“We live in God’s world. We are all different, and we are also all the same. They might look different or speak different or play different. But they are all made in God’s image, and so they are all valuable. …This is God’s very good idea: lots of different people enjoying loving him and loving each other. God made it. People ruined it. He rescued it. He will finish it.”

And even today, we can begin celebrating it. We can stay and acknowledge differences in front of our kids, and then we can stop and verbally celebrate them. Our kids should hear us say things like “isn’t that cool they were made like that!” Or “yes! God is uniquely reflected in them just like He is in you!”

5. Emphasize asking not assuming

Amy Web who is quoted above (who is also the mind behind 90% of this conglomeration I pieced together) writes that “the line between pity and empathy is razor thin. My general rule to differentiate between the two is that empathy stems from listening to another person’s perspective and reacting accordingly. Pity, however, assumes. Assuming that a person with a disability automatically has a harder, sadder life because of their disability.”

Once again some differences are hard, emotionally or relationally or physically, for the person embodying those differences. But instead of pitying or assuming, we should teach our kids to listen and to learn and to empathize. To respond based on another persons actual experiences and not what our child perceives those experiences to be. We can teach our kids to see others not as just “disabled” but “differently-abled.” We can teach our kids, whether as a child in the store or a middle schooler on the bus, to ask good and kind and clarifying questions. To engage. To listen. And to learn. To not dismiss the differences of others but also not to define them solely by those differences. To know when to say “I don’t know what that’s like, maybe you can help me understand.” And to also know when to say “yeah, I feel that way sometimes too.” We can teach our kids that others may enjoy the same exact things that they do, they just might have to go about enjoying them a little differently. But they can enjoy them differently, together.

6. Teach more than kindness

Amy also so powerfully points out that the goal we are aiming to teach our kids is about more than kindness. It is about friendship and inclusion. Kindness smiles, nods a head, and keeps passing by. Friendship walks towards, puts out a hand, and invites in.

When our kids see us grit our teeth and hear us threateningly whisper to “be kind” they begin to see that person as someone they must obligatorily sacrifice a minute of their time for. Pay their dues to. Check off their nice-things-I-did-today list. When the base line requirement is quick kindness we teach them that they are the only one who has something to give. And we beg of them to give it, if even only for a moment. Of course we do not want our kids to shout at someone shamefully or ignore someone intentionally. But in the end is it really so much better to instruct them to pity someone politely? Who really wants to be othered and ostracized, even if it’s done “kindly” or belittled and bemoaned even if it’s attempted at “sweetly.”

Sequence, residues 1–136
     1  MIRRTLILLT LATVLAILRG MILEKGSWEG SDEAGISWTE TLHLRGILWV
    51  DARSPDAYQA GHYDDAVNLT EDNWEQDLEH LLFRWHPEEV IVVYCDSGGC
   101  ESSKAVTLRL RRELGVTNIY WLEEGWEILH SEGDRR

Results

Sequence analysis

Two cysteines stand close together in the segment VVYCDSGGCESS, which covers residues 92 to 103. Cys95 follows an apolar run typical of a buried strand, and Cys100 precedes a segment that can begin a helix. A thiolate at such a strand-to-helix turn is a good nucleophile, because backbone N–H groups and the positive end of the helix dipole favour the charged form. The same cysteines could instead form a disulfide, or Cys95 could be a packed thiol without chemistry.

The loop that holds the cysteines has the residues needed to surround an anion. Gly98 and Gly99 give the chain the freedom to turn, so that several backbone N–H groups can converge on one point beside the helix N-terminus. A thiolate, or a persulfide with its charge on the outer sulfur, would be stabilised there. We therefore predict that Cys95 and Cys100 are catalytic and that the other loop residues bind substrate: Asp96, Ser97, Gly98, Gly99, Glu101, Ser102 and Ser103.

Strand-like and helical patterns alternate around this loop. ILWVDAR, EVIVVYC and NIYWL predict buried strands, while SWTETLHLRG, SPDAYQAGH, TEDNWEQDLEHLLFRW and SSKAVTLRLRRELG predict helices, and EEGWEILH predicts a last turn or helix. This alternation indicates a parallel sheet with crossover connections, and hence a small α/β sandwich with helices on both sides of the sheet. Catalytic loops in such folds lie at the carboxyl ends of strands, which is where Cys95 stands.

But this is where we must do more than just insist and instruct. We must exemplify. We must show that we are willing to act on the sometimes scary and often vulnerable initiative that inclusion takes. We have to show our kids the lengths that we ourselves will go to, to include and invest and invite. So we call the mom. We admit that we don’t exactly know what the play date or party could look like for them to be included, yet we emphasize that we want their child’s presence and participation, in whatever way might be. We humbly open ourselves up to not having the answers but wanting to work alongside another parent who will work hard to get the answers with us and for us. The same parent who has always worked hard to modify and make ways for their child to be included and befriended. If we are not willing to include and invite, how can we expect our children to?

The results of not teaching them, both by word and by action, how to do this touches us all. As parents, as children, as teachers, and as care givers, we are only robbing ourselves and the world of the unique kind of beauty and joy that being in relationships with those that are different than us can bring. We are choosing to let our kids buck against a way in which they were created to live and to love and to learn.

And in the end it is likely our own child who will miss out on the fruit of inclusion that often bears fun and formative and long lasting, friendship. The real kind. The kind we all need.

Year 29: mottos and mantras